Your mom has just been diagnosed with breast cancer. The big C word. She kept postponing her mammogram because she was afraid she would have cancer and wouldn’t be able to take that. Now not only does she have cancer, but she has stage IV breast cancer that has spread to the lungs and bones. She is in pain and having shortness of breath when she walks down her driveway to get her mail each day.
Surgery is not an option. Chemotherapy is, which will likely only help to try and slow or halt the cancer growth but comes with its own risks and side effects. Her five-year outlook is completely altered. Limited time with family and friends. Decreased energy and decreased quality of life.
Unfortunately, this is not an uncommon story. Many people know someone, in their family or friend group, that has been diagnosed with breast cancer. What people may not realize is how important it is to get mammograms and follow the guidelines for screening. It can be life-saving! October is Breast Cancer Awareness Month. One in eight women in the U.S. will develop breast cancer in her lifetime. This can be a scary statistic for people; however, through increased awareness, education, early screening, as well as advancements in oncology treatments, cancer can be detected at the earliest point. Now imagine that your mom followed the recommendations for early screening and did not put off her mammogram. Could that have made a difference? Yes.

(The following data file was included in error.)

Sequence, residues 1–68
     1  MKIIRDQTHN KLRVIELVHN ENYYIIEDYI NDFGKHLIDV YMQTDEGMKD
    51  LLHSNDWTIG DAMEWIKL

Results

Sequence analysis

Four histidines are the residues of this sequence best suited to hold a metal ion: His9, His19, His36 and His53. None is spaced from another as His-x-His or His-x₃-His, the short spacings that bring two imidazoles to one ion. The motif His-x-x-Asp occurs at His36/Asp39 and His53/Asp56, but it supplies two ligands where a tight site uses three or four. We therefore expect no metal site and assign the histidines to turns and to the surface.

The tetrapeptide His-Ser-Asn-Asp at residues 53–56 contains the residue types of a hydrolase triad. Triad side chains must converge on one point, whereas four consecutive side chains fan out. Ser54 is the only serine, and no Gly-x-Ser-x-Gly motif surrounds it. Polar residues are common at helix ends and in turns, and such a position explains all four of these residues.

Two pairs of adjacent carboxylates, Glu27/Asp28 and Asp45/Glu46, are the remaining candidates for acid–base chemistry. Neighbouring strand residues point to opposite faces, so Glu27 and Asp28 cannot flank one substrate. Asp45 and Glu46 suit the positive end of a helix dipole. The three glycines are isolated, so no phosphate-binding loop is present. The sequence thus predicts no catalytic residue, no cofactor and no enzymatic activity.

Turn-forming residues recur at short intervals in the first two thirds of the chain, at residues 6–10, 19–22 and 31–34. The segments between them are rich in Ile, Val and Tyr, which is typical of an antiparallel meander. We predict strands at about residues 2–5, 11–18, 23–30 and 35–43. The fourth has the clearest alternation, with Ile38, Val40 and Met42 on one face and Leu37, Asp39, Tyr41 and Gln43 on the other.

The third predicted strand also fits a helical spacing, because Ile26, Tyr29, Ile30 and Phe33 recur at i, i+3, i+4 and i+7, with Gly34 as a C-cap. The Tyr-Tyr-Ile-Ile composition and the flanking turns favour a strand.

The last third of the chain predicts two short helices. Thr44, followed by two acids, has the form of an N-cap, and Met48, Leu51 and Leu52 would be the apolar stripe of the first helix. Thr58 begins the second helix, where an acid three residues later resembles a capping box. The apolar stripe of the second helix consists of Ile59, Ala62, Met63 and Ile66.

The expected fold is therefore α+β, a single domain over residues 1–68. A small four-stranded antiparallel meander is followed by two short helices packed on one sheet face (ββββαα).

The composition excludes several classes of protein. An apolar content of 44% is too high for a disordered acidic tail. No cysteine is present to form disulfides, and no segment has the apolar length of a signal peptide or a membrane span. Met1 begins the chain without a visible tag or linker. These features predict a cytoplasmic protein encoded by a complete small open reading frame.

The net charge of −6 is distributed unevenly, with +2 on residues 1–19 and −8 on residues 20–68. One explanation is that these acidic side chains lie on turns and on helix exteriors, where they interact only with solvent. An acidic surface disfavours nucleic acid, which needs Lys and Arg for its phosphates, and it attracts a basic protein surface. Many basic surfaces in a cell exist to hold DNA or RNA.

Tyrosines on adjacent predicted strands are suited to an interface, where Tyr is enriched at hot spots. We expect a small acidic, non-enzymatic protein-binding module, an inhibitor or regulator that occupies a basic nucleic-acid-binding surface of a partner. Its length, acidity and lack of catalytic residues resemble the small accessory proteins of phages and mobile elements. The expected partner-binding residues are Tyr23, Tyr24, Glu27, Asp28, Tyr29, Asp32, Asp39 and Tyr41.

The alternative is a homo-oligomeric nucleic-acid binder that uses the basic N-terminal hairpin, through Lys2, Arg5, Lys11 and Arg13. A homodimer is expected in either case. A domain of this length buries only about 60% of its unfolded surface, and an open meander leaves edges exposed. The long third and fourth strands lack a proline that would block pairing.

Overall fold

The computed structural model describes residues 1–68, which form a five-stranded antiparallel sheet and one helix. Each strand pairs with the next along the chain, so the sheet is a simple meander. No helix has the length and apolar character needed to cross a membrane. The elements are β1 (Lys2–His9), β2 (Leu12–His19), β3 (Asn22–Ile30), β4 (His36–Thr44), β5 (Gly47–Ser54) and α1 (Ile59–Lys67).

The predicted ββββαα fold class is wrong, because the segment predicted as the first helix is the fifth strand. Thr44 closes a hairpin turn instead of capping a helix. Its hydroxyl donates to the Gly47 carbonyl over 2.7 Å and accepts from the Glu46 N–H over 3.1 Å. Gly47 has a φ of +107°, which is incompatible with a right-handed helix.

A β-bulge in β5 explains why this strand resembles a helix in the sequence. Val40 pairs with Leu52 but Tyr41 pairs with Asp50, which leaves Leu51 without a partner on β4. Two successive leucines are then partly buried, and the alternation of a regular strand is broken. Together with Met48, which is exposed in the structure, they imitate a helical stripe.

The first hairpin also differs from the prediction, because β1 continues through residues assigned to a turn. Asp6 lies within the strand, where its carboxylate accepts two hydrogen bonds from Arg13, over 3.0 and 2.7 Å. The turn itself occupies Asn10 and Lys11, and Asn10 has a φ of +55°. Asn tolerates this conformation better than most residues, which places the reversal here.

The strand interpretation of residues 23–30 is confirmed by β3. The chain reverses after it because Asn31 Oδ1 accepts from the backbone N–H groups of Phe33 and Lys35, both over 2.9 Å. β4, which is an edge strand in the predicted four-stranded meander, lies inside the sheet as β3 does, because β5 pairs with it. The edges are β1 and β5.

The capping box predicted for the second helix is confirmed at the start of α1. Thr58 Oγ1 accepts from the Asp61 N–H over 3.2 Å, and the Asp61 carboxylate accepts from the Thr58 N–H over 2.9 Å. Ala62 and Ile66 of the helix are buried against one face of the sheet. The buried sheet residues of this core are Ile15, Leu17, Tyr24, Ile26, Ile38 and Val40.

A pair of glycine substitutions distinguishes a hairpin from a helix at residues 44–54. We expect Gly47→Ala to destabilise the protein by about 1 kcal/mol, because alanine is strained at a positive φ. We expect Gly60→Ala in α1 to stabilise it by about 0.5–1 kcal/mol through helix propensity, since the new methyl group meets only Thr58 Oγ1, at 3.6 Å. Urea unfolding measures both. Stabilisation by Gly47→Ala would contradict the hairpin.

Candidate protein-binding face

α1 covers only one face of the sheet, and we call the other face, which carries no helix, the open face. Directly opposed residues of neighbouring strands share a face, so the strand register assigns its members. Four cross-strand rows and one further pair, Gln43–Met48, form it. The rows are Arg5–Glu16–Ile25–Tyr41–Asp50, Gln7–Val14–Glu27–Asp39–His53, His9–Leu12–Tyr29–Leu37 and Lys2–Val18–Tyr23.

According to the National Breast Cancer Foundation, 62% of breast cancer cases are diagnosed at an early stage, for which there is a 99% five-year survival rate. It is through screening techniques and mammograms that enable people to catch the cancer early. This, in turn, enables people to receive treatment and close management over the years, treating their early-stage breast cancer similar to the
management of chronic disease, like diabetes. Women 40 and over should have a mammogram every one to two years. If younger than 40 but have any risk factors, like a family history of breast cancer, your primary care provider can help recommend screening prior to 40.
Don’t risk waiting, don’t postpone your mammogram, schedule your mammogram today and follow your primary care provider’s recommendations for breast cancer screening. The earlier breast cancer is detected, the better people do! Screening saves lives! It is your life, your families’ lives, and your friends’ lives. Knowledge is power so spread the word to your friends and family to schedule their mammograms today as well!